[[Image:Hieronymus Bosch - The Garden of Earthly Delights.jpg|right|thumb|The Earthly Paradise (Garden of Eden), painted by Hieronymus Bosch part of The Garden of Earthly Delights.]]
In the [[Bible|biblical]] book of [[Genesis]], [[God]] created the '''Garden of Eden''' as a dwelling place for the first two humans, [[Adam]] and [[Eve]]. The Garden was a paradise of plenty where Adam and Eve would never suffer illness or death. However, Adam and Eve defied the will of God by eating the [[forbidden fruit]] (the fruit of the [[tree of knowledge of good and evil]]) at the center of the Garden, and God cast them out of the Garden so that they would no longer live forever. Genesis says that a [[cherub]] with a flaming sword then guarded the Garden of Eden to prevent humans from returning.
== Description ==
Genesis describes the Garden as being "in the east, in Eden". It also says that the Garden was watered by a river that flowed from Eden, and which divided into four rivers, which had the names Phison, Gihon, Tigris, and Euphrates. Many people equate the last two with the existing Tigris and Euphrates rivers, but the existing rivers do not come from a dividing of a single river. It is common for settlers to name local features after similar features back home, and some believe that this is the case with these rivers—that the existing Tigris and Euphrates rivers are not the same rivers, but merely named after the ones that flowed from Eden.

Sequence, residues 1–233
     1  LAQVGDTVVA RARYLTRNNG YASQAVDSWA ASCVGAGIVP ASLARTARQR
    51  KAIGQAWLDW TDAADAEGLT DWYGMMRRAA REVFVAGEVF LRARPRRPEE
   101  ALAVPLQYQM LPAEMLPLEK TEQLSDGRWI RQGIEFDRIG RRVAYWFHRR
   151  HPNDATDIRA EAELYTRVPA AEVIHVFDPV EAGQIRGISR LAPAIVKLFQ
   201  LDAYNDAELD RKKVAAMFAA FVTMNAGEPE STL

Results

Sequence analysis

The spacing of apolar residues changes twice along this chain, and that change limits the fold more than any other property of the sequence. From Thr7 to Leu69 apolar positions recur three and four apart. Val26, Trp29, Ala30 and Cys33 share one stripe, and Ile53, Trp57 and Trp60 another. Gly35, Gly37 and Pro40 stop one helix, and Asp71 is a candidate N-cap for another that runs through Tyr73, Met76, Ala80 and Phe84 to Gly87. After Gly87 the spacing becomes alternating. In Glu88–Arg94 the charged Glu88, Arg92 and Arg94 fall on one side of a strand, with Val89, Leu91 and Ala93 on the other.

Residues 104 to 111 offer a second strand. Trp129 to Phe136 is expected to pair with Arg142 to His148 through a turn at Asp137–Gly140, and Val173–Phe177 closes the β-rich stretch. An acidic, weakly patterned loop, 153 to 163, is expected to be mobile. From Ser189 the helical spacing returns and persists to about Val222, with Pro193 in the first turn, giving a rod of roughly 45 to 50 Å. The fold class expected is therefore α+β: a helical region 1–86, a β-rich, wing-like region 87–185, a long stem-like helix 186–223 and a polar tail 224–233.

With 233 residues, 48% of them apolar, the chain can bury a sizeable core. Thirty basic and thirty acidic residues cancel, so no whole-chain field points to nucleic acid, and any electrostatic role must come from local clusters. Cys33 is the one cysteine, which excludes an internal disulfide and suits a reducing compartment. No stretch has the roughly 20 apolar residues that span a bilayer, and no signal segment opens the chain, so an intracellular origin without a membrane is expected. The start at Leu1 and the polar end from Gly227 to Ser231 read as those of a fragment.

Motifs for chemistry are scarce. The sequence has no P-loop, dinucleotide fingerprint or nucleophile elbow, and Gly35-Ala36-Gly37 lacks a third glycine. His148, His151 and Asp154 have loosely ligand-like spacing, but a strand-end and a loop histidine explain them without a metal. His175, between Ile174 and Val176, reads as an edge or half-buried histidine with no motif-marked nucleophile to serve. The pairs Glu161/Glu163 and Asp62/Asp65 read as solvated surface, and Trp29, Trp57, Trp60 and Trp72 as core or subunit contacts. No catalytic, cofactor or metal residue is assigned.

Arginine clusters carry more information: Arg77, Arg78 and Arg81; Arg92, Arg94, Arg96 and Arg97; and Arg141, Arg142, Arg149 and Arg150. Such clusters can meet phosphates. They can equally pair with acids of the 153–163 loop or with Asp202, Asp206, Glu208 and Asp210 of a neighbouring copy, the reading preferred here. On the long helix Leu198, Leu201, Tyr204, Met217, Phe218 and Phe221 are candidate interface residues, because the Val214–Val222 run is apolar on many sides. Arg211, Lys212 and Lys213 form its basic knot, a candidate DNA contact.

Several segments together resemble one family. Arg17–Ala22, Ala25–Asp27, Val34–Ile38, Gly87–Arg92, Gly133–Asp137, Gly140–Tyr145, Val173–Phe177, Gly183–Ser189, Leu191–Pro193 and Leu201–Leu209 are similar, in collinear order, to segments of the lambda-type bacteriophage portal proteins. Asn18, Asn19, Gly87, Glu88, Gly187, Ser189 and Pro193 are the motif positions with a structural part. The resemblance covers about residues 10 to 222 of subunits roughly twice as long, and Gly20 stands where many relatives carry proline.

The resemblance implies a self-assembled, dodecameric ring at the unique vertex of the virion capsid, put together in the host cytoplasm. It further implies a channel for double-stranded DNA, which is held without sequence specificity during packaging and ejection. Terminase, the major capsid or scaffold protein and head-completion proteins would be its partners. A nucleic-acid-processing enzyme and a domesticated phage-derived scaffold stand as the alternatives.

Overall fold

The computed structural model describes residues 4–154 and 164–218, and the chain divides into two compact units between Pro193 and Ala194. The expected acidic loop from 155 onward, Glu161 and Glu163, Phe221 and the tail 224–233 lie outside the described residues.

The Garden is described as having "all kinds" of trees growing in it, and two are specifically named, these being the [[Tree of Life]], and the Tree of the Knowledge of Good and Evil, the latter being in the center of the Garden. It was this latter tree that Adam was told that he was forbidden to eat from.
Although life was apparently meant to be easy, Adam was given the task of working the Garden and taking care of it.
== Other Views ==
As with many passages in Genesis, there is debate among Christians whether or not the story of the Garden of Eden should be taken literally or metaphorically. If literally, there is also debate over how long ago Adam and Eve were banished from paradise.
The Israelite word for Eden is Aten, which is very similar to the Egyptian word "Atlen" which means "[[Atlantis]]". Atlantis is also believed to be the origin of mankind.<ref>http://www.lilithgallery.com/library/TheSearchforEden.html The Search for Eden / Atlantis</ref>